Musical prodigy Arthur Sullivan and the curse of popularity
The composer, whose parents were both Irish, is still remembered today in shows like The Simpsons
A young Arthur Sullivan in 1858, from vol 42 of The Musical Times, 1901.
Arthur Sullivan was a musical prodigy. The son of two Irish parents, Thomas Sullivan and Clementina Coghlan (Clementina was half Italian), he would become one of the best-known proponents of popular opera as one half of the famous Gilbert and Sullivan partnership.
Growing up in Lambeth in England, his father a military bandmaster, Sullivan experimented with the band’s musical instruments from a young age. A delicate child, his father wanted him to pursue a more steady profession than music - but talent will out, and Sullivan became the beneficiary of a number of scholarships which brought him to Leipzig Conservatoire. Here, he would be influenced by contemporary musicians such as Schumann, Schubert, Mendelssohn, Verdi and Wagner.
In the 1860s, he launched his career in England, working as a church organist to supplement his income and also writing popular parlour songs and hymns such as the ubiquitous Onward Christian Soldiers alongside his more “serious” output. It was during this decade that he wrote his most overtly Irish-influenced work, his Irish Symphony. This was inspired by a holiday in Northern Ireland, and he wrote to his mother, “as I was jolting home ... through wind and rain on an open jaunting-car, the whole first movement of a symphony came into my head with a real Irish flavour about it”. Despite its Irish inspiration, Sullivan never named the symphony during his lifetime, afraid of comparisons with Mendelssohn’s Scotch Symphony, an influence which his reviewers commented upon nonetheless.
As well as parlour songs, Sullivan lived during the era of popular opera, and began to write what would become known as The Savoy Operas with WS Gilbert in 1875, when the men were engaged by Richard D’Oyly Carte to work together on a one-act opera called Trial By Jury. Over the course of the next 15 years, HMS. Pinafore (1878), The Pirates of Penzance (1879), The Mikado (1885), and The Gondoliers (1889) were major successes at the Savoy in London.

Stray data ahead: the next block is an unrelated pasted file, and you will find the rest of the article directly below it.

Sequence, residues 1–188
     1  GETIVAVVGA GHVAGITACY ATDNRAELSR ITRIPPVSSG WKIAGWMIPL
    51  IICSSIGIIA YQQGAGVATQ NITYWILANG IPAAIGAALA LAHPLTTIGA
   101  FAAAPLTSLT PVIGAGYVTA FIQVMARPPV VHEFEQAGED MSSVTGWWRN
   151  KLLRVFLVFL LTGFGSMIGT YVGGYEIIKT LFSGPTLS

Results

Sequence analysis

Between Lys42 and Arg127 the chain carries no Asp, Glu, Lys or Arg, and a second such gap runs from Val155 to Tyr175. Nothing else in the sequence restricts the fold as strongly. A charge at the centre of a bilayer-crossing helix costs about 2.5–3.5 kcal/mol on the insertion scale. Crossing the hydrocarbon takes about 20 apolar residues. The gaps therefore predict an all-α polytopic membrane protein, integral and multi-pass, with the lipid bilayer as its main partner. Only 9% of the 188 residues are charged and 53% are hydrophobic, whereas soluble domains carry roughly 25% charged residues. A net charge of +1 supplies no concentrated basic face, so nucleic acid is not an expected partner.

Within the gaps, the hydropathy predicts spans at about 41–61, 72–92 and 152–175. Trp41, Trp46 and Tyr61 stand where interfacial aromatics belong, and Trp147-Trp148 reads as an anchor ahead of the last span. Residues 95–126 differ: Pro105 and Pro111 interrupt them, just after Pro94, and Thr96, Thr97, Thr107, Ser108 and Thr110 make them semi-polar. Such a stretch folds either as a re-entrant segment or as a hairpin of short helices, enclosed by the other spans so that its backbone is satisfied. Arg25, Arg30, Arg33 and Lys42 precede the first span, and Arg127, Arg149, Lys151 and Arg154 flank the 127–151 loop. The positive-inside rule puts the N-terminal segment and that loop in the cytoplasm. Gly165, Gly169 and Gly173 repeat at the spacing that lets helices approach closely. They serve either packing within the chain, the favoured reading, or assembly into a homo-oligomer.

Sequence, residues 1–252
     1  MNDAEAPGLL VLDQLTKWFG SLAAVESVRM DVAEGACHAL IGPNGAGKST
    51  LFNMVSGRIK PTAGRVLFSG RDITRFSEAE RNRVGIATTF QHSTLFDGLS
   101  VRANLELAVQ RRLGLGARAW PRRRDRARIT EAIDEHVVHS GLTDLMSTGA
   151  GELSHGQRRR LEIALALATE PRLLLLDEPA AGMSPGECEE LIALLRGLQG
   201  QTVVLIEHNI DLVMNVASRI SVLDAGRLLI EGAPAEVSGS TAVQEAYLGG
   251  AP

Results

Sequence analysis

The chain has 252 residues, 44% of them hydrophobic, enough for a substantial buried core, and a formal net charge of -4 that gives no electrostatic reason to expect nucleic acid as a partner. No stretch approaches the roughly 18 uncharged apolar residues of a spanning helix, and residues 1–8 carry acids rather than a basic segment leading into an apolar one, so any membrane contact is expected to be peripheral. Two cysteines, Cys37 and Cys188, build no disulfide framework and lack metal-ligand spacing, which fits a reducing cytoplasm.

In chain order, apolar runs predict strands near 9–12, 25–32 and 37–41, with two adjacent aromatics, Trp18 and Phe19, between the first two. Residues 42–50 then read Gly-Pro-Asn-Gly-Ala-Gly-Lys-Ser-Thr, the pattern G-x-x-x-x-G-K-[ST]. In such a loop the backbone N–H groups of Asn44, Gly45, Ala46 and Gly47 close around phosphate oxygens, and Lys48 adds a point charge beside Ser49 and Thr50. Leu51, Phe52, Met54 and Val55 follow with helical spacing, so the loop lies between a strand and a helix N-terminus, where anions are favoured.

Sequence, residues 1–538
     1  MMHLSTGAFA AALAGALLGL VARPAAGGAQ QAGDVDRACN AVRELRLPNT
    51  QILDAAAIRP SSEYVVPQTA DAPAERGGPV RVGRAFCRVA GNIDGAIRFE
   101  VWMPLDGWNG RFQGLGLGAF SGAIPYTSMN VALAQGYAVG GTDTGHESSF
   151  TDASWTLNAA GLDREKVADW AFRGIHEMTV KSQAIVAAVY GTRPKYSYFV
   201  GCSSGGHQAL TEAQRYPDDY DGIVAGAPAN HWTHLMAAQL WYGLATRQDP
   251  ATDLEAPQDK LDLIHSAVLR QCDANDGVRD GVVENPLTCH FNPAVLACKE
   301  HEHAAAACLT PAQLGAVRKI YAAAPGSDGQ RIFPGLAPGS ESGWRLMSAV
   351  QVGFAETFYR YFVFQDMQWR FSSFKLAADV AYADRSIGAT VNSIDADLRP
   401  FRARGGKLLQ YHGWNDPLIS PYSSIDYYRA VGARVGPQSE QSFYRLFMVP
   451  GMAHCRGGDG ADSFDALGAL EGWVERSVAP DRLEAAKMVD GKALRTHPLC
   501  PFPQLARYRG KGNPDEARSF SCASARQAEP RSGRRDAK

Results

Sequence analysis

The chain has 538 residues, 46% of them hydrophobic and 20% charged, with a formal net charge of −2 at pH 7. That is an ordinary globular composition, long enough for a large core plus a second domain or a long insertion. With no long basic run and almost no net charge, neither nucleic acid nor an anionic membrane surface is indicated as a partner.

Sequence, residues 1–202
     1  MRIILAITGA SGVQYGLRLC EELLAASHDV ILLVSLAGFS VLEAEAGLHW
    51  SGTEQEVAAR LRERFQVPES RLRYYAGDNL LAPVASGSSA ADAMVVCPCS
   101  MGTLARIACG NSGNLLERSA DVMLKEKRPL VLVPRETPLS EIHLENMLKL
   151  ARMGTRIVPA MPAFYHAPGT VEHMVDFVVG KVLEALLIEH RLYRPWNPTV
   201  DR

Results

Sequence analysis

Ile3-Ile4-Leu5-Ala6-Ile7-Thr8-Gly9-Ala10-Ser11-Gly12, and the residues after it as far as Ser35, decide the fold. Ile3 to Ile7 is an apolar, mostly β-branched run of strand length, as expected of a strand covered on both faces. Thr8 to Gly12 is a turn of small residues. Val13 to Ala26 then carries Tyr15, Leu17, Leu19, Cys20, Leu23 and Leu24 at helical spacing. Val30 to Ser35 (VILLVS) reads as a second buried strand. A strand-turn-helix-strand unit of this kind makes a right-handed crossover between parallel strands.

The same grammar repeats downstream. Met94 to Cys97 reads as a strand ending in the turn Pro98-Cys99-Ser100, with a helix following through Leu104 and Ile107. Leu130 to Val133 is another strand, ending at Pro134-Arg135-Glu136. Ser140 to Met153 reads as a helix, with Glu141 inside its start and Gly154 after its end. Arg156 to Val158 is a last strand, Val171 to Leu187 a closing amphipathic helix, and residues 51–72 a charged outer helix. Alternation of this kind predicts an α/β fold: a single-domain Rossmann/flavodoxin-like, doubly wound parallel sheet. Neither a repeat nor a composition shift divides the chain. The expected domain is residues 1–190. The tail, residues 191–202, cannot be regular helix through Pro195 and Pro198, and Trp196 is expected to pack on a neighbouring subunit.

Despite this, Sullivan grew uncomfortable with what he considered to be the sillier aspects of these operas - in particular, Gilbert’s tendency to use weak devices such as love potions to dictate the course of the plot. In the early 1880s he refused to work with Gilbert for a time until the “magic lozenge” he’d proposed for the plot of what would eventually become The Mikado was removed. Gilbert eventually fell out with Sullivan and D’Oyly Carte in 1890, when he objected to the new carpet for the Savoy’s foyer being billed to the artists. Sullivan sided with Carte in the legal wrangle that followed, a decision he later regretted. He wrote to Gilbert, “I have not yet got over the shock of seeing our names coupled ... in hostile antagonism”. The partnership would never recover the energy of its earlier years.
When Sullivan had been knighted in 1883, comment was passed by the Musical Review on his operettas, “Here is not only an opportunity, but a positive obligation for him to return to the sphere from which he has too long descended”. After his partnership with Gilbert came to an end, Sullivan finally turned his attention back to grand opera, adapting Walter Scott’s Ivanhoe for D’Oyly Carte. However, the project was delivered late leading to both Carte and Sullivan losing money, and despite the success of the opera, the Savoy’s later failure to turn a profit from grand opera (rather than the previously popular operettas) became bound up in the public’s imagination with the fate of Sullivan’s Ivanhoe.
Sullivan died in 1900, on the cusp of a new era where his operettas would be dismissed by critics who felt that he’d never lived up to his potential. After an initial round of positive obituaries calling Sullivan “England’s most conspicuous composer”, his reputation suffered. But he was remembered fondly by younger contemporaries such as Elgar, and his music has never faded from the popular imagination. Today, his operettas are still performed and have even been referenced in that barometer of 20th century pop culture, The Simpsons, when Bart escapes death at the hands of “Sideshow Bob” by asking him to sing the score of the HMS Pinafore in its entirety.
A practical man at heart, he believed that hard work was just as important a part of the creative process as inspiration: “… if I had waited for inspiration I am afraid I should have done nothing. The miner does not sit at the top of the shaft waiting for the coal to come bubbling up to the surface. One must go deep down, and work out every vein carefully”.
This Extraordinary Emigrants article was written by Jessica Traynor, deputy museum director at EPIC The Irish Emigration Museum in Dublin’s Docklands, an interactive museum that tells the story of how the Irish shaped and influenced the world.